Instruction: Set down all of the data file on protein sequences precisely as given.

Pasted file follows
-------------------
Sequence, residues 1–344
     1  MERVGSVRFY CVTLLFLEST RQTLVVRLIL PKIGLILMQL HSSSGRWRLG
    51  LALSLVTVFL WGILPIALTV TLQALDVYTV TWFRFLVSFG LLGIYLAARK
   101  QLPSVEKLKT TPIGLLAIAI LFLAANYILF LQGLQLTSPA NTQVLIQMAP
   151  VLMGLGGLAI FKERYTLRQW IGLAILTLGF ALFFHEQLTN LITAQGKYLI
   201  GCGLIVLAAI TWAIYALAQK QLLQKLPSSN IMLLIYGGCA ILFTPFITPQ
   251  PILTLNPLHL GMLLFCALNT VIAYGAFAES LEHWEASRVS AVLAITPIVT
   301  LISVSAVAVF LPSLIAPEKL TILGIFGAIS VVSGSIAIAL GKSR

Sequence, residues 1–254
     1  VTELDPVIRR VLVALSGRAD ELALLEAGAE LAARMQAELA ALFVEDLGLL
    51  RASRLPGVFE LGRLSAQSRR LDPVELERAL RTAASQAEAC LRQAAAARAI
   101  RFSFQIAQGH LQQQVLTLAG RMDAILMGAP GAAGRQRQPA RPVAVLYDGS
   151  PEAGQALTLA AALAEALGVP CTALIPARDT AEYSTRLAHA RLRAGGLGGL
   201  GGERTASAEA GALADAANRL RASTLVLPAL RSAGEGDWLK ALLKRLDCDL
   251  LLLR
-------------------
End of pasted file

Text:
Sequence, residues 1–344
     1  MERVGSVRFY CVTLLFLEST RQTLVVRLIL PKIGLILMQL HSSSGRWRLG
    51  LALSLVTVFL WGILPIALTV TLQALDVYTV TWFRFLVSFG LLGIYLAARK
   101  QLPSVEKLKT TPIGLLAIAI LFLAANYILF LQGLQLTSPA NTQVLIQMAP
   151  VLMGLGGLAI FKERYTLRQW IGLAILTLGF ALFFHEQLTN LITAQGKYLI
   201  GCGLIVLAAI TWAIYALAQK QLLQKLPSSN IMLLIYGGCA ILFTPFITPQ
   251  PILTLNPLHL GMLLFCALNT VIAYGAFAES LEHWEASRVS AVLAITPIVT
   301  LISVSAVAVF LPSLIAPEKL TILGIFGAIS VVSGSIAIAL GKSR

Sequence, residues 1–254
     1  VTELDPVIRR VLVALSGRAD ELALLEAGAE LAARMQAELA ALFVEDLGLL
    51  RASRLPGVFE LGRLSAQSRR LDPVELERAL RTAASQAEAC LRQAAAARAI
   101  RFSFQIAQGH LQQQVLTLAG RMDAILMGAP GAAGRQRQPA RPVAVLYDGS
   151  PEAGQALTLA AALAEALGVP CTALIPARDT AEYSTRLAHA RLRAGGLGGL
   201  GGERTASAEA GALADAANRL RASTLVLPAL RSAGEGDWLK ALLKRLDCDL
   251  LLLR